introduction

[ in-truh-duhk-shuh n ]
/ ˌɪn trəˈdʌk ʃən /

noun

the act of introducing or the state of being introduced.
a formal personal presentation of one person to another or others.
a preliminary part, as of a book, musical composition, or the like, leading up to the main part.
an elementary treatise: an introduction to botany.
an act or instance of inserting.
something introduced.

Origin of introduction

1350–1400; Middle English introduccion < Latin intrōductiōn- (stem of intrōductiō). See introduce, -tion
SYNONYMS FOR introduction
3 Introduction, foreword, preface refer to material given at the front of a book to explain or introduce it to the reader. A foreword is part of the front matter and is usually written by someone other than the author, often an authority on the subject of the book. A preface is the author's own statement, and often includes acknowledgments. It follows the foreword (if there is one) and is also part of the front matter. The introduction is always by the author. It may be extensive and is usually printed as part of the text.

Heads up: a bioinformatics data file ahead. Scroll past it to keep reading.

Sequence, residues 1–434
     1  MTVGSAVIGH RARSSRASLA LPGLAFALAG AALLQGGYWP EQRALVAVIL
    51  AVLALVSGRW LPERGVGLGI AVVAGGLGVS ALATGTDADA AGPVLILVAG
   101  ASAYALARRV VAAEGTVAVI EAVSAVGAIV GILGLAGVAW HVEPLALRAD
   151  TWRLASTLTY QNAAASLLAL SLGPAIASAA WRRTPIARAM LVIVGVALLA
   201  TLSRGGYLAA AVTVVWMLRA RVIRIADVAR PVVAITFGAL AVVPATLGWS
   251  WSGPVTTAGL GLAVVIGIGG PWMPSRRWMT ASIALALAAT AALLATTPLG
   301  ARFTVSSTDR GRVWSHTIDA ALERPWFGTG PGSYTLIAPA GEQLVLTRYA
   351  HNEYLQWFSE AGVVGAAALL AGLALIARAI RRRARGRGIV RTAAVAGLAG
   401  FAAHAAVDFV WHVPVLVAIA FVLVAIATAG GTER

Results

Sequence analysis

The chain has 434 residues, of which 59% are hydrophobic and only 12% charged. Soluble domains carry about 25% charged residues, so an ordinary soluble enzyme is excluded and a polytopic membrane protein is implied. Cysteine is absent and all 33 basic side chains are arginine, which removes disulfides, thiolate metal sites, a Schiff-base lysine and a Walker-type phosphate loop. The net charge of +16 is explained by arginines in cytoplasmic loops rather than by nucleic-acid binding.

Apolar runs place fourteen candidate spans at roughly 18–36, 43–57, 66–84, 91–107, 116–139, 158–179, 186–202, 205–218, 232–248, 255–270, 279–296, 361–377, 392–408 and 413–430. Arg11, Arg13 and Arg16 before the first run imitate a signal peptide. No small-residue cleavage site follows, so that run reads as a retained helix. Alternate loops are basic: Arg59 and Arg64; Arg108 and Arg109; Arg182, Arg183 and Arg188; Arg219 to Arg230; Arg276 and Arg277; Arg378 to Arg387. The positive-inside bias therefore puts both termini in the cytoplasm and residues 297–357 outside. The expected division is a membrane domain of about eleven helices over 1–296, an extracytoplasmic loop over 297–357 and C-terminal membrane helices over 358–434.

Related formsre·in·tro·duc·tion, nounself-in·tro·duc·tion, nounsub·in·tro·duc·tion, noun
Dictionary.com Unabridged Based on the Random House Unabridged Dictionary, © Random House, Inc. 2019

Examples from the Web for introduction

British Dictionary definitions for introduction

introduction

/ (ˌɪntrəˈdʌkʃən) /

noun

Collins English Dictionary - Complete & Unabridged 2012 Digital Edition © William Collins Sons & Co. Ltd. 1979, 1986 © HarperCollins Publishers 1998, 2000, 2003, 2005, 2006, 2007, 2009, 2012

Word Origin and History for introduction

introduction


n.

late 14c., "act of bringing into existence," from Old French introduccion and directly from Latin introductionem (nominative introductio) "a leading in," noun of action from past participle stem of introducere "to lead in, bring in, to introduce," from intro- "inward, to the inside" (see intro-) + ducere "to lead" (see duke (n.)). Meaning "initial instruction in a subject; an introductory statement" is mid-15c. The sense of "formal presentation of one person to another" is from 1711.

Online Etymology Dictionary, © 2010 Douglas Harper